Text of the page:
The first Christians often gathered for their meetings at night, and the meetings continued until early in the morning (Acts 12:12-18; Acts 20:7-12). It was the only time when Christian slaves were able to attend the meetings.
We can only imagine how impressive Paulís words were on such an occasion. However, Paul is not speaking about the start of a new day, but about the return of Christ. For Godís people, that will be the day of their full salvation. Salvation means rescue and safety. Christ is coming to rescue them from all their troubles in this world. Under his rule, they will always be safe (Revelation 21:3-4).
We often use the word Ďsalvationí to mean the time when a person first believes in Christ (compare Romans 1:16). That is also a correct use of the word, because Godís work in a personís life is both certain and immediate (Luke 23:43; 2 Corinthians 5:17). God will certainly carry out all his promises to his people, but that has not happened yet (1 Corinthians 15:12-19). It will happen only when Christ returns to rule all things.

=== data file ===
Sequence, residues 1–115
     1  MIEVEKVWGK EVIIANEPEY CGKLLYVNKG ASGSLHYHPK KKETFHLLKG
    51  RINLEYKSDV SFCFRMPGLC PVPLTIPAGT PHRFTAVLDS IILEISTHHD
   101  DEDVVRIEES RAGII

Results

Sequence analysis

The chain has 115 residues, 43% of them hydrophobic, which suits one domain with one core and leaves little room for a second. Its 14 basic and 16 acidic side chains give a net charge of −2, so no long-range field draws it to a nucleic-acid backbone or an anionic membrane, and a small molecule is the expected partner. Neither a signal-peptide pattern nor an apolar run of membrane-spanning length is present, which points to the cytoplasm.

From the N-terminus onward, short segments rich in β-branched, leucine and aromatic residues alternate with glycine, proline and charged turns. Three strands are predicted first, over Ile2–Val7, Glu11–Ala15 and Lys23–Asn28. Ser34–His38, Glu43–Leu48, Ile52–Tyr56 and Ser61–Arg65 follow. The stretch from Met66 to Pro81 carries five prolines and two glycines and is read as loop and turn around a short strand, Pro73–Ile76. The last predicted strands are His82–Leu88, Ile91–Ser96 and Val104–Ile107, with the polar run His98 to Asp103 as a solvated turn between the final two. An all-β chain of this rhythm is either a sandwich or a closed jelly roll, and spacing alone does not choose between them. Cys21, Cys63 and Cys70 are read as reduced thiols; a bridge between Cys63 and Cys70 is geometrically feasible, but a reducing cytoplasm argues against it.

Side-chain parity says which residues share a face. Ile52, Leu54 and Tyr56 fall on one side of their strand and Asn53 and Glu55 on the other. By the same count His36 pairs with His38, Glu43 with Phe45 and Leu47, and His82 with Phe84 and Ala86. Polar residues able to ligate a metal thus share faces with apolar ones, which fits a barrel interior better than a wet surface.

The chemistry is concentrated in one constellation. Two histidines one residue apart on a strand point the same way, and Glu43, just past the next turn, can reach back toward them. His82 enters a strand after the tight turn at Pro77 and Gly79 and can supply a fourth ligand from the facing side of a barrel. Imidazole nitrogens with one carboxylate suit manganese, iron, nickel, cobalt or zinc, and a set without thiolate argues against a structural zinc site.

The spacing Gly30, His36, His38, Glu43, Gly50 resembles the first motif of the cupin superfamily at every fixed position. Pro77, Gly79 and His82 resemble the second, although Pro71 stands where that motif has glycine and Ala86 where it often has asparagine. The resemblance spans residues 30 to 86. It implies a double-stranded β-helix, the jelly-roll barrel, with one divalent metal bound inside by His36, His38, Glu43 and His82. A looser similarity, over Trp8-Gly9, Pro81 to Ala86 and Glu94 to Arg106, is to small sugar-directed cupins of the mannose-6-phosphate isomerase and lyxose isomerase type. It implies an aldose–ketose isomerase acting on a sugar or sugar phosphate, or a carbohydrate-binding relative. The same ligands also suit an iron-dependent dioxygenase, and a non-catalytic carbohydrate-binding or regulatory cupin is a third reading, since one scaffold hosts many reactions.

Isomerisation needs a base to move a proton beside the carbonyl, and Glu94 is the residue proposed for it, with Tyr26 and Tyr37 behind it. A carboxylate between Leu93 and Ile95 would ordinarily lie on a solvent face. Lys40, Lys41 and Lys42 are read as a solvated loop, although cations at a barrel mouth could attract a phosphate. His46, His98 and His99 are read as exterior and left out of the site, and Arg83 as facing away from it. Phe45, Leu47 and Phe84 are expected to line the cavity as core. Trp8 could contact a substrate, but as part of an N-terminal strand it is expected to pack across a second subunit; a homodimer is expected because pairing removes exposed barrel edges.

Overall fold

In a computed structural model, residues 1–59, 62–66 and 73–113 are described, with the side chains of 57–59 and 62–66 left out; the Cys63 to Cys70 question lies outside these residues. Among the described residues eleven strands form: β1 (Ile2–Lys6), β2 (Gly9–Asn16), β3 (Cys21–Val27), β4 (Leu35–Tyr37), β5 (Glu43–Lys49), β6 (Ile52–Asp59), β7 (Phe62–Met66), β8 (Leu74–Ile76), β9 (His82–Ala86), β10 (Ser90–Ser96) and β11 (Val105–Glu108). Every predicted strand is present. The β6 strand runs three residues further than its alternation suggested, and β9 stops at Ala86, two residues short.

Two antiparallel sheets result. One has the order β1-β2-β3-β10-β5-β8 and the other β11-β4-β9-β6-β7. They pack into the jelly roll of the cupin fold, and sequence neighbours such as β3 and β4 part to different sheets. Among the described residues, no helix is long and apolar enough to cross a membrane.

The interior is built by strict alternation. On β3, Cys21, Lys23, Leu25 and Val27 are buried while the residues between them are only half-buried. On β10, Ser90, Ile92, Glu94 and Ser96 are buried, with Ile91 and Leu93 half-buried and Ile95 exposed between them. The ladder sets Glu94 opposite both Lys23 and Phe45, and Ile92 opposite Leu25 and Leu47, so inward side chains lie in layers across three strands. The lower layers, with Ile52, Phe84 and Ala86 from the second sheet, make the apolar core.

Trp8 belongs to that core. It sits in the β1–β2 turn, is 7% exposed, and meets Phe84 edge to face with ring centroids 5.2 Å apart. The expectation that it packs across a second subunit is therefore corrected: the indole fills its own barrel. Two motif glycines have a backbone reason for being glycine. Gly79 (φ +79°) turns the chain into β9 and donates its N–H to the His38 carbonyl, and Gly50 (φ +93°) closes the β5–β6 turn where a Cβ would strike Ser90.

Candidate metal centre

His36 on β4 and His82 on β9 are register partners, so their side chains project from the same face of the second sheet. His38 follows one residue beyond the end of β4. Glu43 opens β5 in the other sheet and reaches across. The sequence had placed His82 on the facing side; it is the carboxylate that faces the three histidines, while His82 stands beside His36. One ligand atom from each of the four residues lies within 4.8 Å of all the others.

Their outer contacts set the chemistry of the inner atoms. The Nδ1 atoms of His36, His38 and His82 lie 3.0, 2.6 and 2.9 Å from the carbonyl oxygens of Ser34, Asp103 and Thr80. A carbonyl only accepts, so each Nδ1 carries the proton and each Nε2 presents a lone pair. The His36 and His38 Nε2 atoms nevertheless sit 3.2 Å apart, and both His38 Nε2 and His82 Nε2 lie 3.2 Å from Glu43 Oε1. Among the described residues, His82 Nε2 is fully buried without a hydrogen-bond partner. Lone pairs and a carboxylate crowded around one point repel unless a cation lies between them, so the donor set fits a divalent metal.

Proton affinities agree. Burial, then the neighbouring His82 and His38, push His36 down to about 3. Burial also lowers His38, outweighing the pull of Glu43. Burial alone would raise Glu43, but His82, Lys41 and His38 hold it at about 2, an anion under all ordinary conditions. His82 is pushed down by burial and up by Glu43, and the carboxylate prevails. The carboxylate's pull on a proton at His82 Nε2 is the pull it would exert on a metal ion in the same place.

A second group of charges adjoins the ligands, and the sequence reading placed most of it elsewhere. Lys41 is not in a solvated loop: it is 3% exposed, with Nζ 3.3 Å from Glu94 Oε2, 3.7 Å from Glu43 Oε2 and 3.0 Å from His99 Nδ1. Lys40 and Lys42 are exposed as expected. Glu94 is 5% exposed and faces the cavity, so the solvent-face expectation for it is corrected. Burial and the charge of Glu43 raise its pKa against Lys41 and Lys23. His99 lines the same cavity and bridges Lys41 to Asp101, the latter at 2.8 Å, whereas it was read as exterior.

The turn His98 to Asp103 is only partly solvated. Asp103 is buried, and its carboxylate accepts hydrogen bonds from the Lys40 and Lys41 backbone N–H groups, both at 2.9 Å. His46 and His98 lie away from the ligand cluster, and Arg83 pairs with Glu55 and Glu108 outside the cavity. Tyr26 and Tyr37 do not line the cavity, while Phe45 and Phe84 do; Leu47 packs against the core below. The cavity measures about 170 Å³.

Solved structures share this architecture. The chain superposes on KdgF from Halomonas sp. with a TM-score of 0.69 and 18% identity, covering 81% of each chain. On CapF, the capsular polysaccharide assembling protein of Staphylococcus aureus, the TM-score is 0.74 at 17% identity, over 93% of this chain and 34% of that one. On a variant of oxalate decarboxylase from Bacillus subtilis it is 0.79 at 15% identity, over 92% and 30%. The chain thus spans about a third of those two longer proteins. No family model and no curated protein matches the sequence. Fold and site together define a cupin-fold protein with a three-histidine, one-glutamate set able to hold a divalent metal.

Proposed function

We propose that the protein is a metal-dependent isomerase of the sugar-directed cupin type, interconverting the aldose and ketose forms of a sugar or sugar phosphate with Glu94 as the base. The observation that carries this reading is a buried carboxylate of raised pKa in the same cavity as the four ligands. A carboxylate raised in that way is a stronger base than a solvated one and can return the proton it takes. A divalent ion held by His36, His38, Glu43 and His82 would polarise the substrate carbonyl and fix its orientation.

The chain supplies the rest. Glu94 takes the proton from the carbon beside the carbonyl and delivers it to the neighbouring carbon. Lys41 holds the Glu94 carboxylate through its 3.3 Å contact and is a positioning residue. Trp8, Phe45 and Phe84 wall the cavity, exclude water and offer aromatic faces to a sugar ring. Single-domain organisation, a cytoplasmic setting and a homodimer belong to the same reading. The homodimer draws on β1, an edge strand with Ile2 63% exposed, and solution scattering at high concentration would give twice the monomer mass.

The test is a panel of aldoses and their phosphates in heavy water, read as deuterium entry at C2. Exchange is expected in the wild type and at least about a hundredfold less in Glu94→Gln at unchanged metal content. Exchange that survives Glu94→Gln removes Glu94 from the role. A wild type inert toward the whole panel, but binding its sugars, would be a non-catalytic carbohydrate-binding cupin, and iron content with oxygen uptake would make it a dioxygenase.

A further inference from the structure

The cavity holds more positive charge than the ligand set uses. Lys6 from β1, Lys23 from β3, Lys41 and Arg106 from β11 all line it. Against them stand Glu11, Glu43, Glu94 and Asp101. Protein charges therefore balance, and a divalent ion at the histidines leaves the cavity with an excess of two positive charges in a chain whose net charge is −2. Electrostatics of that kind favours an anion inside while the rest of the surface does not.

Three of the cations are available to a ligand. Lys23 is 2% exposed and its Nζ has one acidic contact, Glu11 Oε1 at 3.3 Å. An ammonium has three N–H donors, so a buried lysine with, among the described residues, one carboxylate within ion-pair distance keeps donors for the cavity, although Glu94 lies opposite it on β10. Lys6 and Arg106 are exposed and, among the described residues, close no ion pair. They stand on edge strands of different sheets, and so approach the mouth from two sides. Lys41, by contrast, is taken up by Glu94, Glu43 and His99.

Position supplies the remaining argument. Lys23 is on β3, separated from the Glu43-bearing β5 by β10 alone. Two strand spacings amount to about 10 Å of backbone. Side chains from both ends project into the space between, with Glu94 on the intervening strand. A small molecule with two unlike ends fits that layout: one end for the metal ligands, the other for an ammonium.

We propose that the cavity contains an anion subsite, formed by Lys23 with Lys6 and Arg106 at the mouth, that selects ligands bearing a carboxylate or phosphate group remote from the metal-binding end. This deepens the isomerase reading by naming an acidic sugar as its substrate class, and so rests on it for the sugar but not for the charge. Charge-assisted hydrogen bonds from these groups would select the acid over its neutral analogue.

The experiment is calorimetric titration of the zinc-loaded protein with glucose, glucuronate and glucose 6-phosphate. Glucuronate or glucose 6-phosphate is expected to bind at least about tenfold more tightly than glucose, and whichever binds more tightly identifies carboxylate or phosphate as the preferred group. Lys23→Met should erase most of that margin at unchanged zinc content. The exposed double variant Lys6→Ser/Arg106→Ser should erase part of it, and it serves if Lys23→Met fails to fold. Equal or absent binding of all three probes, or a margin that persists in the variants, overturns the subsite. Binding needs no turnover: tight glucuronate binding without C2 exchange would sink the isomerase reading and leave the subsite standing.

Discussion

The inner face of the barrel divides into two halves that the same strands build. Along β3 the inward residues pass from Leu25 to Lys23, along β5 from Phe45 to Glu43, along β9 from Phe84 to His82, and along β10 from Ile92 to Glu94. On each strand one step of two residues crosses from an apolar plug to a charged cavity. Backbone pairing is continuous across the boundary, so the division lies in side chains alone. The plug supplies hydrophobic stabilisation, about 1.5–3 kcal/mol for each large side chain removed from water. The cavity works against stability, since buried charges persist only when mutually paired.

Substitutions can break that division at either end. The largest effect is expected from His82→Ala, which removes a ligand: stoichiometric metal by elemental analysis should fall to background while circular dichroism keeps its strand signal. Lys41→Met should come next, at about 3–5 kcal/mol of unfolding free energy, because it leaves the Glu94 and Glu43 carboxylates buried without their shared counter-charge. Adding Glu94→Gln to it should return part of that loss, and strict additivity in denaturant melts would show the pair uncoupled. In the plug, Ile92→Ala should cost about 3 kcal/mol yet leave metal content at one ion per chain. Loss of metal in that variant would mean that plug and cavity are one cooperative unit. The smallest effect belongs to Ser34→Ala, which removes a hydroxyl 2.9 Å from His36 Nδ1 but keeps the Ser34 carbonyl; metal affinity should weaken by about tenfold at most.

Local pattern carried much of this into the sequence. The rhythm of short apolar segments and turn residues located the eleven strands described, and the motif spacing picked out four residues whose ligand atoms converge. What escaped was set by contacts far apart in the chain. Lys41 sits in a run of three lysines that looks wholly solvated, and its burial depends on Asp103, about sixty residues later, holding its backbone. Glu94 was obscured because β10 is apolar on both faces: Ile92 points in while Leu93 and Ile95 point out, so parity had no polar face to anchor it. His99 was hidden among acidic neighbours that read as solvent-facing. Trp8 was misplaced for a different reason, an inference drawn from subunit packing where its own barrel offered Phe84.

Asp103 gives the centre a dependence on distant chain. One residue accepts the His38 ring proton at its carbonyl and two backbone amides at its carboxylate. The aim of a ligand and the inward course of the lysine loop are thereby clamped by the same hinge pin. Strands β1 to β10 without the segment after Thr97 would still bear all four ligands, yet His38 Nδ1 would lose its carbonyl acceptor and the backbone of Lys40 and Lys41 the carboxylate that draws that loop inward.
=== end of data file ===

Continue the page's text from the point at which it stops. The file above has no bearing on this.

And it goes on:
So, as we wait for Christís return, we must not become lazy. We must not behave like people who do not care about Christís return (1 Thessalonians 5:4-11). We must not be like servants who are not ready for their masterís return (Mark 13:32-36). The time of Christís return becomes nearer every day. We have believed Christ; we must continue to believe and trust him. We have put our hope in Christ; we must allow our hope to become stronger. We are the people of God; we must live our lives as Godís people should live in this world (2 Peter 3:11). We must not always be like children; we must allow our relationship with God to develop and to become mature (Hebrews 5:11-14).
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© 2018, Keith Simons.